Gaza Peace Protester Is Prisoner In Own Home
By Jonathan Cook
30 September, 2009
Nazareth: Nine months after he helped to organise protests against Israel’s attack on Gaza, Samih Jabareen is a prisoner in his home in Jaffa, near Tel Aviv, an electronic bracelet around his ankle to alert the police should he step outside his front door.
The 40-year-old actor and theatre director is one of dozens of Arab political activists in Israel who have faced long-term detention during and since Israel’s winter assault on Gaza in what human rights groups are calling political intimidation and repression of free speech by the Israeli police and courts.
A report published last week by Adalah, an Arab legal rights group in Israel, said 830 Israeli demonstrators, the overwhelming majority of them Arab citizens, were arrested for participating in mostly peaceful demonstrations during the 23 days of the Gaza operation.
According to the report, the police broke up protests using physical violence; most protesters were refused bail during legal proceedings, despite the minor charges; the courts treated children no differently from adults, in violation of international law; and Arab leaders were interrogated and threatened by the secret police in a bid to end their political activity.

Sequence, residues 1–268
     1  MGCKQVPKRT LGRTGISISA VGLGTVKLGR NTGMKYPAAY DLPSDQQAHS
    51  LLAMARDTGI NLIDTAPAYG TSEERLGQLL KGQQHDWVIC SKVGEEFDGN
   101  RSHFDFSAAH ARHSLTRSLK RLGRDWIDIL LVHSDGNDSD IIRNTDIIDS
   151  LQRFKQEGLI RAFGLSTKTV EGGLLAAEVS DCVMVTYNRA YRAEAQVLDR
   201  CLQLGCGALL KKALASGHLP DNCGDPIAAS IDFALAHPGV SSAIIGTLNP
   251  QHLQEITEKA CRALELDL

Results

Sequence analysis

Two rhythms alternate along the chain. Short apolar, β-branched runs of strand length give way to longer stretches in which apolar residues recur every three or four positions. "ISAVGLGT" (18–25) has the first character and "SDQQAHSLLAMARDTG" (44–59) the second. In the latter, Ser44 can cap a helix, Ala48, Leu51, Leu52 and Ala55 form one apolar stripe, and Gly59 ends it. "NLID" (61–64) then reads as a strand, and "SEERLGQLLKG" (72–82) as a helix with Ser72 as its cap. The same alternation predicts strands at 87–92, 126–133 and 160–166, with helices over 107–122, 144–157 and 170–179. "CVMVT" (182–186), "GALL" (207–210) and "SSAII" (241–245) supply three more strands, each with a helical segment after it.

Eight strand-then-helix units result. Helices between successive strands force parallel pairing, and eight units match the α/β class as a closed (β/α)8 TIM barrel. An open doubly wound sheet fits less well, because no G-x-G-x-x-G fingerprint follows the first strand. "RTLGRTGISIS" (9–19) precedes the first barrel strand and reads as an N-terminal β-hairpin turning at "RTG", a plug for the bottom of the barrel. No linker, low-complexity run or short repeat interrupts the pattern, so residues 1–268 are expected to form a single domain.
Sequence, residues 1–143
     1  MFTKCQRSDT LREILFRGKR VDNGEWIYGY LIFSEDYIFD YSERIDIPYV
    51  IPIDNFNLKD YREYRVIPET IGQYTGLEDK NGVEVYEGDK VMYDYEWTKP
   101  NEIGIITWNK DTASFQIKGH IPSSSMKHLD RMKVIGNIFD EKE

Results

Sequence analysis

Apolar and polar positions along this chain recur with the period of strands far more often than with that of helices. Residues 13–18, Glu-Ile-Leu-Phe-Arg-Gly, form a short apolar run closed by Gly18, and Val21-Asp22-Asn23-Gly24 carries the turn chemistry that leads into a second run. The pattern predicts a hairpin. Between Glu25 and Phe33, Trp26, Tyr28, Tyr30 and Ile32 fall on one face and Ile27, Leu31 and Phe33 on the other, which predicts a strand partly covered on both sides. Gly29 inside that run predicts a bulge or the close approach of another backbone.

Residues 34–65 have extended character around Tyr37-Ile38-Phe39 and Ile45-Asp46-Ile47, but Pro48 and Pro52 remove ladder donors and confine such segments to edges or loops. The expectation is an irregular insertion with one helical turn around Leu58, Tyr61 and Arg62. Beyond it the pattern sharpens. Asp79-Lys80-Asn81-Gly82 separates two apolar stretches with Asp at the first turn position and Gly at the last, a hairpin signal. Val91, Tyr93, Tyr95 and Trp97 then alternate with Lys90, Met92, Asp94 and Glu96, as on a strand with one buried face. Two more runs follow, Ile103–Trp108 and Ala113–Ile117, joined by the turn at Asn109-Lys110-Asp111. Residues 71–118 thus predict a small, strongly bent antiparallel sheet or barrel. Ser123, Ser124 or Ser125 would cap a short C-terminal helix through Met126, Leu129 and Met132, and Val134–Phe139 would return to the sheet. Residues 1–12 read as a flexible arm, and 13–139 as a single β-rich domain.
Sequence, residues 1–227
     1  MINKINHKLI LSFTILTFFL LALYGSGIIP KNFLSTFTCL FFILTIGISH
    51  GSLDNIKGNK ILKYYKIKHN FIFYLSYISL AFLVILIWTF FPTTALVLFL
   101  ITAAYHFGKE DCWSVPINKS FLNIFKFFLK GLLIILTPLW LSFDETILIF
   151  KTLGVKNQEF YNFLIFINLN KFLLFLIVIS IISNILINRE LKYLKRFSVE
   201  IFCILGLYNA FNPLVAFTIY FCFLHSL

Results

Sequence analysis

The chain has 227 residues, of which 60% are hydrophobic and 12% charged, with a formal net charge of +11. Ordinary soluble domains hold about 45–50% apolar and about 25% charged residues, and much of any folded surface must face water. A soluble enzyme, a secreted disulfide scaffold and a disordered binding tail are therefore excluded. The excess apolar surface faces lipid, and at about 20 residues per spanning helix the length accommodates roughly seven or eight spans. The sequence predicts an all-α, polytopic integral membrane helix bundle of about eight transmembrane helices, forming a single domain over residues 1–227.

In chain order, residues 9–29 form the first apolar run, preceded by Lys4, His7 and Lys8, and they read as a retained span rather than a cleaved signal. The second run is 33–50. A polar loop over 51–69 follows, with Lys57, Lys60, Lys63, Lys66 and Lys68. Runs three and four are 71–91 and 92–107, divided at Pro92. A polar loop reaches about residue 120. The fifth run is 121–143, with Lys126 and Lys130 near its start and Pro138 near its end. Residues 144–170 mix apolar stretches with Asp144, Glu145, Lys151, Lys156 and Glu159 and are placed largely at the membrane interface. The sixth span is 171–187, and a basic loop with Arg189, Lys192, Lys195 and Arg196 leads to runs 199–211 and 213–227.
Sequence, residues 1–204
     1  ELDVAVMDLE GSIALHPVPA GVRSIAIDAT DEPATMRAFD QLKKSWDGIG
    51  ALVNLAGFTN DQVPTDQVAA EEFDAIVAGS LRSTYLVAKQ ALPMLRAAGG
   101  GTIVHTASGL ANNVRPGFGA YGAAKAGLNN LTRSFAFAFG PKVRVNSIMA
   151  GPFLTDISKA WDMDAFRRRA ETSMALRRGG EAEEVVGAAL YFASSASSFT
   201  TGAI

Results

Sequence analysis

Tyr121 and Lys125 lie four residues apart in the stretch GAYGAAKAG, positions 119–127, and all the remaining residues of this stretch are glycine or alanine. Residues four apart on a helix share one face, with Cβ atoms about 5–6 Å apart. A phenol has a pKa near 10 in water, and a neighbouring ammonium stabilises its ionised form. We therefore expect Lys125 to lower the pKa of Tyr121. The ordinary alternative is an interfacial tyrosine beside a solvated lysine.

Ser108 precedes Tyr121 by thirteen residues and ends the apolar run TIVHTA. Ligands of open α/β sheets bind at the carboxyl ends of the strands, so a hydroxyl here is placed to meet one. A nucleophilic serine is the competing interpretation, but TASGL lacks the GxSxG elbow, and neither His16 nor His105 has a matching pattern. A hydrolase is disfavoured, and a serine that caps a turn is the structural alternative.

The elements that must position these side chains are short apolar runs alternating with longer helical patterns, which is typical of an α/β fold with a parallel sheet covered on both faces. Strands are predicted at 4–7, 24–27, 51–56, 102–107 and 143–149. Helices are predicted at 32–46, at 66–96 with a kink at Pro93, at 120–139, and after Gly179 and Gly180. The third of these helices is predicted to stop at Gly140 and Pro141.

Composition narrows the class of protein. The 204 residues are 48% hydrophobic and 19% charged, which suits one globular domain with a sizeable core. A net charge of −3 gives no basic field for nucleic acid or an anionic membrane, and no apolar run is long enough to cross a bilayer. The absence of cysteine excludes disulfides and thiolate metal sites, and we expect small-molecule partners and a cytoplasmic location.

This month’s report by the UN inquiry into Gaza, led by Judge Richard Goldstone, dedicated a chapter to events inside Israel, concluding similarly that there was wide-scale repression of political activists, non-governmental organisations and journalists in Israel.
The goal, the committee said, was “to minimise public scrutiny of [Israel’s] conduct both during its military operations in Gaza and the consequences that these operations have had for the residents of Gaza”.
Abir Baker, a lawyer with Adalah, said the police and legal system had resorted to mass arrests and a declared policy of “zero tolerance” as the most effective way to suppress peaceful protests.
According to Adalah’s statistics, a third of all those arrested were people under the age of 18, and, in a break with normal legal procedure, 80 per cent were refused bail for the entire period of legal proceedings. Detention is usually reserved for people considered a danger to the public. Most charges related to participation in a prohibited gathering, disturbing the peace or assaulting a police officer. Some children were charged with stone-throwing.